[ppml] NANOG IPv4 Exhaustion BoF

David Conrad drc at virtualized.org
Fri Mar 7 00:51:20 EST 2008


On Mar 5, 2008, at 3:29 PM, Scott Leibrand wrote:
>> What are 'negative impacts'?
> I think you outlined a few of them earlier today, but they would  
> include  the results of a number of different types of speculation  
> (unnecessary volatile prices, scarcity, etc.), hoarding of addresses  
> for various reasons (speculation, attempts to starve out  
> competitors, etc.), and unnecessary deaggregation.

With the exception of the last, all of these consequences are part and  
parcel of the fact that the IPv4 free pool is exhausted.  Put enough  
constraints on transfers and people won't bother.  End result:  
hoarding (for some value of that variable), speculation via a black  
market, etc.  The only thing the policy will have done is decrease  
ARIN's relevance in the post IPv4 free pool exhaustion world since the  
registration database will become less and less useful over time.

As far as I can tell, the whole point of allowing transfers is to get  
allocated-but-unused address space back into play. If people hoard or  
buy it all up as a speculative effort, we're no worse off than we are  
when the IPv4 free pool is emptied, right?

As for unnecessary deaggregation, what is or is not necessary is  
likely a matter of opinion.  I firmly believe ISPs will look after  
themselves as they have done in the past and are doing so today by  
applying filters if they feel their infrastructure is at risk.  In  
this particular respect, we've been here before and some folks still  
have the T-shirts (hopefully they've been washed). I'd be curious to  
understand why past solutions would not apply.

>> I have a couple more fundamental questions:
>> a) What is the overarching goal the transfer policy is trying to  
>> achieve?
> If there were just one goal, this would be easy.  We're trying to  
> ensure the continued availability of IP resources after IPv4 free  
> pool exhaustion, minimizing disruption, minimizing unnecessary  
> deaggregation, preserving some level of fairness, etc...

By this description, it would seem the policy is attempting to put  
ARIN in the position of being an arbiter of quite a few thing things  
it hasn't taken on before, e.g., "fairness" (fair to whom?),  
"availability" (for whom?), "unnecessary deaggregation" (from whose  
perspective), etc.  I might suggest there are many, many mines in that  
particular field and that ARIN is not necessarily in the best position  
to blaze a path there.

>> b) What tools exist (or can be expected to exist given reasonable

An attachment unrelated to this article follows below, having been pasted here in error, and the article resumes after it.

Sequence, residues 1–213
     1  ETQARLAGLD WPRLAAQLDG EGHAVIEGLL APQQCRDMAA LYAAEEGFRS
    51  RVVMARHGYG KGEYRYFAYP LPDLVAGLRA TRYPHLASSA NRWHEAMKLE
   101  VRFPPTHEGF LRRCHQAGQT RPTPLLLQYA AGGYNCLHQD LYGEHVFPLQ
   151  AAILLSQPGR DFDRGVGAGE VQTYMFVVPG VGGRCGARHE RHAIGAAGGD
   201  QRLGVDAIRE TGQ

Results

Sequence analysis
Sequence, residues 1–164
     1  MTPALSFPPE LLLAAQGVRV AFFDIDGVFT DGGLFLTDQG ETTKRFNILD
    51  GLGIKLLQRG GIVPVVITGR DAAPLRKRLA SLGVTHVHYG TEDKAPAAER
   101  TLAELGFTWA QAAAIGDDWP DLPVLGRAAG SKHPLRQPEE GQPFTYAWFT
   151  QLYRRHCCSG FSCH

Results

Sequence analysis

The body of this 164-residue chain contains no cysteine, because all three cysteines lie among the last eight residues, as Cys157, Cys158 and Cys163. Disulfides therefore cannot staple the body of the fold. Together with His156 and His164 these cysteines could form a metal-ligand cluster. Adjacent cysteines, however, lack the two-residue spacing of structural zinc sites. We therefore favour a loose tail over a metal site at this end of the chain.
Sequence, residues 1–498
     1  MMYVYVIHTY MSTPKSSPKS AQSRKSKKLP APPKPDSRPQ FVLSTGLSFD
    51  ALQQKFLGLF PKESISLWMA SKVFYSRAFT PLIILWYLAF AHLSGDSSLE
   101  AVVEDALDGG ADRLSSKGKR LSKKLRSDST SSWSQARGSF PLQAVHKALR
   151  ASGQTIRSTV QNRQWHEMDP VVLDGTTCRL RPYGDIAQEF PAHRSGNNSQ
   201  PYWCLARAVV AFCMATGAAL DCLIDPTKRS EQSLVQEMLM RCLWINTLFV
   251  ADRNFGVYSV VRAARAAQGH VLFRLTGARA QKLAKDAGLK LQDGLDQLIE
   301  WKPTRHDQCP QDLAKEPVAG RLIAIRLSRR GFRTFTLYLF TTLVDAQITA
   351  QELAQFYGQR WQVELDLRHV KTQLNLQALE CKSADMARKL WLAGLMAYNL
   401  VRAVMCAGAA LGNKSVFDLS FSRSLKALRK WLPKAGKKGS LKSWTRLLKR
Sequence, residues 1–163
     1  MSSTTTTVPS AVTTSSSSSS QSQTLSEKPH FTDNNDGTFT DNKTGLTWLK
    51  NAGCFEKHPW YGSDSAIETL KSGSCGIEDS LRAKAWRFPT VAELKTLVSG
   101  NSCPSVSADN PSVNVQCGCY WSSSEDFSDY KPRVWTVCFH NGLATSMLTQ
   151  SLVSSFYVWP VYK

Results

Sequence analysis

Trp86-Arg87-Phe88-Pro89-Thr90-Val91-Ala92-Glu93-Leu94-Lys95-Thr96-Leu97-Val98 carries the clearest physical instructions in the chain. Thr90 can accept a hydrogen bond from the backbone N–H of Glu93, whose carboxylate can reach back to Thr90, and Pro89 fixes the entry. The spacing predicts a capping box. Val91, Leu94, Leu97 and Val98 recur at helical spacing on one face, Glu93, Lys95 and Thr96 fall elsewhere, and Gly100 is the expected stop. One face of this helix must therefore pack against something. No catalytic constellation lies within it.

>> time/resources) to enforce that policy?
> The main tool is that, as the recognized authority in registration  
> of IPv4 addresses in North America, recognition as valid of any  
> transfers by ARIN has considerable value to both transferors and  
> transferees.

So it would seem a core criteria in any policy would be to minimize  
effects that would force folks to go elsewhere to have their transfers  
recognized, no?

>> - the 6 month restriction could force folks to go outside the  
>> policy in desperation (e.g., the amount of address space available  
>> via transfers is likely to be hard to predict.  You could be in a  
>> situation where at one point in time, the only option is a small  
>> block even though you know it won't last 6 months.  What option do  
>> you have?)
> You could get PA space from your ISP or another LIR.

I am assuming the folks most interested in getting address space will  
be ISPs so they can continue adding customers.  Is the assumption of  
this policy that the consumers of address space are end users?

> The intent of a the transfer policy is that it would ensure the  
> availability of blocks of all sizes legitimately demanded by  
> transferees.  Therefore, if we do it right, there should always be  
> an appropriately sized block available at some price.
> Rather, we hope to prevent the transfer of large numbers of small  
> blocks when a larger one would do, as we don't want networks to be  
> cobbling together their IP space from multiple sources and then  
> being forced to announce extra routes for all the different blocks.

I fear the restrictions you are imposing will make it essentially  
impossible to "do it right" and will result in folks with address  
space finding other outlets in which to meet the needs of those who  
need address space.  However, perhaps I misjudge the situation.


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